Indigenous leader Noel Pearson questions Glencore's bauxite mine deal in Aurukun

Indigenous leader Noel Pearson questions Glencore’s bauxite mine deal in Aurukun

One of the most influential Aboriginal leaders in the country has questioned how a multinational company has won preferred status to mine a rich bauxite deposit on native title land.

In the dying days of Queensland’s Campbell Newman government, in an overnight decision, then deputy premier Jeff Seeney named Glencore the preferred proponent for the Aurukun bauxite deposit — a decision that shocked many of the local Wik and Wik Way people.

Aurukun, on Cape York Peninsula’s west coast, is considered one of the most disadvantaged communities in the country — a place Indigenous leader Noel Pearson describes as being “riven with misery”.

The Glencore decision dashed the hopes of traditional owners who had dreamed of finally controlling a large stake in developing their own land.

The new Queensland Labor Government’s refusal to overturn that ruling has only compounded the frustration of the Wik people and they have taken the issue to the High Court.

Mr Pearson, the founder of the Cape York Institute for Policy and Leadership, told Lateline it was a farcical decision by the previous government.

“It’s within the power of the Queensland Government to overturn what was done by the previous government,” he said.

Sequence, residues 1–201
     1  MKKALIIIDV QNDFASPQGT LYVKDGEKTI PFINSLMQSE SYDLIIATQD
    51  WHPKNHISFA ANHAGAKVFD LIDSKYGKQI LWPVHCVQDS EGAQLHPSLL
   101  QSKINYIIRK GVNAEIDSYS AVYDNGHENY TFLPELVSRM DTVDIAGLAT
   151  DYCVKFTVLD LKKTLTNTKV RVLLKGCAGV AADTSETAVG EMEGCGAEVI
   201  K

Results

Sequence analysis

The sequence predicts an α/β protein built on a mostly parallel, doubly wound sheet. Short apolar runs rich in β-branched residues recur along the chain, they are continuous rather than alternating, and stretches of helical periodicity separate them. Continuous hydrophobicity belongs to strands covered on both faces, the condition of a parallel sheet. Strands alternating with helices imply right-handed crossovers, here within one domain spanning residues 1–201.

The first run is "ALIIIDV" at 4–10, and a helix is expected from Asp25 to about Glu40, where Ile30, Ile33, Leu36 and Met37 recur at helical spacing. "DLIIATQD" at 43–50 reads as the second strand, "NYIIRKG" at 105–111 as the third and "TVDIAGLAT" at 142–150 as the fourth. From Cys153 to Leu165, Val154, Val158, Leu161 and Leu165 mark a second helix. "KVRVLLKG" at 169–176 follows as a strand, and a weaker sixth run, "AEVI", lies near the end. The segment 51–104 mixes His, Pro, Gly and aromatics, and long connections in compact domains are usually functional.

“We get a very clear indication however that [State Development Minister Anthony Lynham] might have been subject to lobbying … and this is compounding an injustice to the Wik people.

“We’re asking questions about who has made representations on behalf of Glencore to him.”

Mr Pearson accused Glencore of “using their money and influence in George Street, Brisbane”.

Glencore has denied lobbying anyone over the Aurukun development.

“Glencore does not, and will not, engage anyone to lobby for or promote the project on our behalf, in Aurukun,” the company said in a statement.

Glencore said it was engaging closely with the Aurukun community to maximise opportunities for “local economic participation”.

Losing out to the Glencore bid was the Aurukun Bauxite Development (ABD) start-up, which had signed an Indigenous land-use agreement with the Wik and Wik Way people.

Chaired by former Comalco and Mt Isa Mines CEO Nick Stump, ABD has offered two seats on the board to traditional owners, plus a 15 per cent share in the project.

Mr Pearson said it was a serious proposal.

“We have one of the most eminent, experienced bauxite miners and miners in general leading the Arukun board,” he said.

“He’s playing a philanthropic role with the community, he’s leading a serious team that has the money, the capability and the capacity to do this.”

The Wik people have now placed a writ in the High Court as part of a fight against the Queensland Government’s ruling.

It is not for the first time — in 1996 they won a major native title case in the High Court that found native title and pastoral lease rights could exist along side each other.

Mr Pearson called their latest High Court challenge Wik Part Two.

“For this Labor Government in Queensland it seems to count to nought as a matter of social justice and they believe that a really unseemly process undertaken by the previous LNP government should be allowed to stand,” he said.

EDITOR’S NOTE: On August 21, 2015 Anthony Lynham’s office provided Lateline with a statement saying that the Palaszczuk Government had received independent legal advice about the selection process for the Aurukun bauxite project. You can read the full statement on the Lateline website.



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